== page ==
Staff are trained in the values and methods of Wraparound practice, and taught to convene Child and Family Team (CFT) meetings and develop Plans of Care with skills that reflect National Wraparound Institute (NWI) values and methods. Additionally, the CFT data form items allow staff to review feedback about the nature and frequency of their meetings and plans of care. The dataset, unique to Wrap-CT, allows for precise identification of CFT frequency and the type of supports offered a family, and utilizes a ratio mechanism that allows on-going assessment of the extent of informal supports helping each family.
Funding from SAMSHA allows Wrap-CT to collect a full complement of outcome measures, including the Ohio Scales, the Columbia Impairment Scale, a trauma survey and measures of caregiver strain. The analysis of this data presents a beginning picture of the efficacy of wraparound services generally, and when combined with the CFT data provides an understanding of specific components of the program that contribute to positive outcomes. For example, fewer days to convening a first CFT and monthly CFT meetings, each of which reflect NWI standards, were not associated with better outcomes. A greater number of informal supports was associated with better youth outcomes.
Implementation of the CFT data form and use of data analyses in coaching and program development efforts led to identification of a third perspective that was not captured either in the formal program design or in program evaluation efforts. Fifteen Factors for Families is a core practice model that defines and supports trauma-informed and relational aspects of wraparound work, and is used in combination with traditional wraparound fidelity efforts and the CFT data system.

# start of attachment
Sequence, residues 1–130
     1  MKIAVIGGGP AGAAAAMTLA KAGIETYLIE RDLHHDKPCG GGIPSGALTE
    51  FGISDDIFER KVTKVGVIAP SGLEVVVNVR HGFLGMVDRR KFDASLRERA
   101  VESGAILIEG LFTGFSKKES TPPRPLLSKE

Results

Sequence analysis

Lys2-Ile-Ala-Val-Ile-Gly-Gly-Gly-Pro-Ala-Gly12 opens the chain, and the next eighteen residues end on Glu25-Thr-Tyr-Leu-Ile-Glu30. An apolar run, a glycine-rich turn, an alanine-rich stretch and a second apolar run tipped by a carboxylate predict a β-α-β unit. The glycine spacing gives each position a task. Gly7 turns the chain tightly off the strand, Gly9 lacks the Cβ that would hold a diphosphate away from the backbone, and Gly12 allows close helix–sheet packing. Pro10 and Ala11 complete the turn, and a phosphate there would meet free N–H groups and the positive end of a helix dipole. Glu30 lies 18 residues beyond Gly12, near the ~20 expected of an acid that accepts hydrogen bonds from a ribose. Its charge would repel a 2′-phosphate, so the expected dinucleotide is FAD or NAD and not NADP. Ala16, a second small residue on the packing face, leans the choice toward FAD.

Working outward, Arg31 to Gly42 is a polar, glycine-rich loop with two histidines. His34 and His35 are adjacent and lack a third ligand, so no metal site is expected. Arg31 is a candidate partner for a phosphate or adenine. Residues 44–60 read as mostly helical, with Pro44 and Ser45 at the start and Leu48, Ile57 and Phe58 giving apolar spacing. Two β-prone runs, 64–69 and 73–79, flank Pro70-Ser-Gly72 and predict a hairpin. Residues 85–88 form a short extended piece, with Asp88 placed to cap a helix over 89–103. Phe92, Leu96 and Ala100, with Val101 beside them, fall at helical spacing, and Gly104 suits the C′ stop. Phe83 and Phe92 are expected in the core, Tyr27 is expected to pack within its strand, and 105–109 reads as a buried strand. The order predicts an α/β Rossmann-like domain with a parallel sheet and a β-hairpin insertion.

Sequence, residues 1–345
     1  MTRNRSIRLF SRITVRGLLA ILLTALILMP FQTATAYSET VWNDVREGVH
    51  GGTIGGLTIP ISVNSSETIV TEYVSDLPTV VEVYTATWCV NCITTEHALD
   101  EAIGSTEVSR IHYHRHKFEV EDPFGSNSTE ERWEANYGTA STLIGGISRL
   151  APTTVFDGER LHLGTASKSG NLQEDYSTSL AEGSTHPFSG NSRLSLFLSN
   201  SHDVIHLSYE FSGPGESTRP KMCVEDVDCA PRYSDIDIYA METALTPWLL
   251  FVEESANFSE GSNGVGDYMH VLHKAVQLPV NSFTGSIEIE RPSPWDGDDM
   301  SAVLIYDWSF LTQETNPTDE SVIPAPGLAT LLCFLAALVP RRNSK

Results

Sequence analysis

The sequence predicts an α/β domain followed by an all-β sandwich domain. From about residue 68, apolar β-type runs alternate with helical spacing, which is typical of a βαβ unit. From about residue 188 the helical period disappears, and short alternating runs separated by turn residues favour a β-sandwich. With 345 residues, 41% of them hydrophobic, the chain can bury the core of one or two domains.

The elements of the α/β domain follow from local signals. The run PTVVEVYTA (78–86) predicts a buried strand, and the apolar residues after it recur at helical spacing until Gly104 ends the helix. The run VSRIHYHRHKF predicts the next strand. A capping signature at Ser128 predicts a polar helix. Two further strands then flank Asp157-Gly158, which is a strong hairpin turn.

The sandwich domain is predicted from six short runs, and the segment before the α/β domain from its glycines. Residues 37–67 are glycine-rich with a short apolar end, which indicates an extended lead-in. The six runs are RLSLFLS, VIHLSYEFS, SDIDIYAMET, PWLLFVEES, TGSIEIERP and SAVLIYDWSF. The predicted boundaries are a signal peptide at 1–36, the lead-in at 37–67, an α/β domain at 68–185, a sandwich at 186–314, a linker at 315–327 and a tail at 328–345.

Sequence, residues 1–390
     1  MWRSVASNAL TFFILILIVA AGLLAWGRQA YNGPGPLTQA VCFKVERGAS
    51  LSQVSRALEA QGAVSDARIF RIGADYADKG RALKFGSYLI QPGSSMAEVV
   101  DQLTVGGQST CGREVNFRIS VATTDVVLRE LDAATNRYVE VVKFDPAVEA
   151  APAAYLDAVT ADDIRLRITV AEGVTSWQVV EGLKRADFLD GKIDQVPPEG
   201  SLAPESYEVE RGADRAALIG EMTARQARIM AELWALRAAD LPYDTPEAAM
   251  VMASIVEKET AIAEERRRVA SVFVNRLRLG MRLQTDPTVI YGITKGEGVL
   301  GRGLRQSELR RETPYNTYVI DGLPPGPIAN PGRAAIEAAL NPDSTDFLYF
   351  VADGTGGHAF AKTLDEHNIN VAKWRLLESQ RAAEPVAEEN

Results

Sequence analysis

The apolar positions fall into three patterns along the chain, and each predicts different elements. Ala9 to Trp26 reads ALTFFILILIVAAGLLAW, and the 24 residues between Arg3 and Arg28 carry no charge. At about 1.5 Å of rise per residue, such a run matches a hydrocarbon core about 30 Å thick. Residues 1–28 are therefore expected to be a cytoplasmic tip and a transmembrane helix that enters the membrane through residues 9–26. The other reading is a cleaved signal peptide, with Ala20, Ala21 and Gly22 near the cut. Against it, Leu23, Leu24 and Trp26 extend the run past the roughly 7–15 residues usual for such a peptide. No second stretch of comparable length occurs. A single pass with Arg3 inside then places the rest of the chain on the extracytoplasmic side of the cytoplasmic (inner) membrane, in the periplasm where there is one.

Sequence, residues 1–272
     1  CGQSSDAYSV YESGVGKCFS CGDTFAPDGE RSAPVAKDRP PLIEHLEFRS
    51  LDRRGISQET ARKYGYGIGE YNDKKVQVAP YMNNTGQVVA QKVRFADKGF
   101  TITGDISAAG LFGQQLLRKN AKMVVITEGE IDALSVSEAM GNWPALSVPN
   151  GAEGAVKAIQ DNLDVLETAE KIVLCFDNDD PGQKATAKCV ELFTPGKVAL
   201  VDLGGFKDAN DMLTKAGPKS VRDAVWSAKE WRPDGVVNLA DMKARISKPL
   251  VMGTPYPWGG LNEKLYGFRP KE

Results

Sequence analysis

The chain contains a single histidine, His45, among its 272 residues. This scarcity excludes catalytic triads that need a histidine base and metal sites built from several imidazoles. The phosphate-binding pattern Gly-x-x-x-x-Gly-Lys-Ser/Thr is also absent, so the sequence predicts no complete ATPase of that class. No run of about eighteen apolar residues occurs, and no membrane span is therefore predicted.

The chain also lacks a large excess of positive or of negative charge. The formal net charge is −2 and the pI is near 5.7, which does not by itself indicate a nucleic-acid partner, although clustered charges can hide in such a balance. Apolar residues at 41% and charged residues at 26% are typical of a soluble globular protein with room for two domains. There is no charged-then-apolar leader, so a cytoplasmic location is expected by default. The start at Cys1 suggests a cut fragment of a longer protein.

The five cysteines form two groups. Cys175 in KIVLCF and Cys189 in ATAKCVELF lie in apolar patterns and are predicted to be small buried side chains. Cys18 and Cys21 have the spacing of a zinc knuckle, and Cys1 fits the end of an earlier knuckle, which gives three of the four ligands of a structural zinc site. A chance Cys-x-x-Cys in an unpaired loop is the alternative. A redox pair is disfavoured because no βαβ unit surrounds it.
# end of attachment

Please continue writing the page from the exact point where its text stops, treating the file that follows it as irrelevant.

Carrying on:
Approaching fidelity and program evaluation from these three perspectives, supported by access to outcomes data, allows the project to consider the unique contribution of 1) the overall relational, strengths-based nature of the model, 2) the frequency of convening CFT meetings, 3) the number of informal supports assisting each family, and 4) the specific nature of supports offered by this extended network.
This paper presentation will discuss the collaborative method used to develop these fidelity frameworks, review selected findings, explore use of the findings in coaching and program development efforts, and consider the implications of the framework for the development of wraparound models and research efforts.